In order to bring you the best possible user experience, this site uses Javascript. If you are seeing this message, it is likely that the Javascript option in your browser is disabled. For optimal viewing of this site, please ensure that Javascript is enabled for your browser.
Did you know that your browser is out of date? To get the best experience using our website we recommend that you upgrade to a newer version. Learn more.

If you witness a cardiac arrest, your actions could save a life

Cardiac Arrest
Acute Cardiac Care

Sophia Antipolis, France – 28 Aug 2021:  Lay responders’ swift assistance to cardiac arrest victims is associated with improved survival, according to research presented at ESC Congress 2021.1,2

“Our study suggests that when emergency medical services incorporate members of the public into their systems, cardiac arrest victims are more likely to survive,” said study author Dr. Martin Jonsson of the Karolinska Institute, Stockholm, Sweden.

Cardiac arrest is caused by an electrical malfunction of the heart which causes it to stop beating and pumping blood. It is lethal within minutes without help. Automated external defibrillators (AEDs) electrically shock the heart so that it starts beating again, while cardiopulmonary resuscitation (CPR) uses chest compressions and breaths to move blood and oxygen around the body.

This study investigated the associations between the dispatch of lay responders and the use of CPR, use of AEDs, and 30-day survival following a cardiac arrest in the community.

The study included all out-of-hospital cardiac arrests occurring in 2016 through 2019 in four areas. Data from the two most populous regions in Sweden (Stockholm, Västra Götaland) were collected from the Swedish CPR register. Information from North Holland, the Netherlands were obtained from the ARREST database, and the Ticino Cardiac Arrest Registry was used for Ticino, Switzerland.

The system for dispatch of lay responders was as follows: the public can sign up as lay responders via a mobile phone app/internet. They are then registered in a database and the system tracks their location. When the dispatch centre receives a call about a cardiac arrest, the dispatcher can activate the system. If lay responders are in close proximity of the cardiac arrest location, they receive a notification of the app with instructions to run and perform CPR or find an AED.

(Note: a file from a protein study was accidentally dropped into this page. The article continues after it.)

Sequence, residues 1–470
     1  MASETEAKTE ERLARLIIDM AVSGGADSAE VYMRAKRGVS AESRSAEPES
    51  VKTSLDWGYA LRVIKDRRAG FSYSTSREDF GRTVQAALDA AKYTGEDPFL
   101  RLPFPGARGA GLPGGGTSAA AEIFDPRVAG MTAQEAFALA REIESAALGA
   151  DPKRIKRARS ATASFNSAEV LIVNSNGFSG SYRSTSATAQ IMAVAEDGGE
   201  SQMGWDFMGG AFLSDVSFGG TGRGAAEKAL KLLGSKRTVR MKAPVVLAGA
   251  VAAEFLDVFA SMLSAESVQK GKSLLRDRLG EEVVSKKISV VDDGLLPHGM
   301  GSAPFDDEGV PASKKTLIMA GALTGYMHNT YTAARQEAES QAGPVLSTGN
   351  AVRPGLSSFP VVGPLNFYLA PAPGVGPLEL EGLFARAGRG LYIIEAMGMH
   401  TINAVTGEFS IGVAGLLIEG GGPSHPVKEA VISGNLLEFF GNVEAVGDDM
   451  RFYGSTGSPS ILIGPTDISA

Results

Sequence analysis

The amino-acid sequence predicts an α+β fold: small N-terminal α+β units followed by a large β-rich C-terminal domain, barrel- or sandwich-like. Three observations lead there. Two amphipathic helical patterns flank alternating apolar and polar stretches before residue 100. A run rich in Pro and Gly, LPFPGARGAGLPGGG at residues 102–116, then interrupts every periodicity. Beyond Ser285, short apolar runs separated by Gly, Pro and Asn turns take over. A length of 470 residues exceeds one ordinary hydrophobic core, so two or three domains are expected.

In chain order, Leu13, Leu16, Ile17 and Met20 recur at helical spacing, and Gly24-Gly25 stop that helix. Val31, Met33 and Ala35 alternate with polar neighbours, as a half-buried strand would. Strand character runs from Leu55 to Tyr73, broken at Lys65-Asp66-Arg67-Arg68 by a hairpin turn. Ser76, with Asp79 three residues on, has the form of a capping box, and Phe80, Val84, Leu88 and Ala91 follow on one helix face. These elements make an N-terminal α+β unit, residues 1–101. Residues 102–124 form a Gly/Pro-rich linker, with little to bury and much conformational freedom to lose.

A total of 8,513 cardiac arrests were included in the analysis. In 3,410 cases, lay responders were dispatched to the victim using a smartphone application while in 5,103 cases a lay responder was not dispatched.

The researchers analysed the associations between dispatch of lay responders and CPR, AED use and 30-day survival. The analyses were adjusted for age, sex, location, witnessed status, emergency medical services response time, and time of day. The results showed that when lay responders were dispatched, there was a 28% higher chance of CPR (risk ratio [RR] 1.28; 95% confidence interval [CI] 1.12–1.45; p=0.0002), 56% higher chance of AED use (RR 1.56; 95% CI 1.02–2.39; p=0.0390) and 28% higher likelihood of being alive at 30 days (RR 1.28; 95% CI 1.10–1.48; p=0.0012).

Dr. Jonsson said: “Our study demonstrates the benefits of including the general public in the emergency response to a suspected cardiac arrest. Every second counts in these situation and lives can be saved with rapid use of AEDs and CPR.”



Notes to editor

ESC Press Office
Tel: +33 (0) 7 8531 2036

Follow us on Twitter @ESCardioNews 

The hashtag for ESC Congress 2021 is #ESCCongress.

This press release accompanies both an abstract and an ESC press conference at ESC Congress 2021. It does not necessarily reflect the opinion of the European Society of Cardiology.

Funding: The study was part of the ESCAPE-NET project, which was funded by EU Horizon 2020.

Disclosures: Martin Jonsson: none; Ellinor Berglund: none; Mattias Ringh: shareholder in Heartrunner AB (who host the lay responder system in Sweden).

References and notes

1Abstract title: Dispatch of lay-responders is associated with bystander cardiopulmonary resuscitation, bystander defibrillation and 30-day survival following an out-of-hospital cardiac arrest.

2Press conference: “Preventing sudden cardiac death” on Thursday 26 August from 15:00 to 16:00 CEST.

About the European Society of Cardiology

The ESC brings together health care professionals from more than 150 countries, working to advance cardiovascular medicine and help people to live longer, healthier lives.

About ESC Congress 2021 - The Digital Experience

It is the world’s largest gathering of cardiovascular professionals, disseminating ground-breaking science in a new digital format. Online each day – from 27 to 30 August. Explore the scientific programme. More information is available from the ESC Press Office at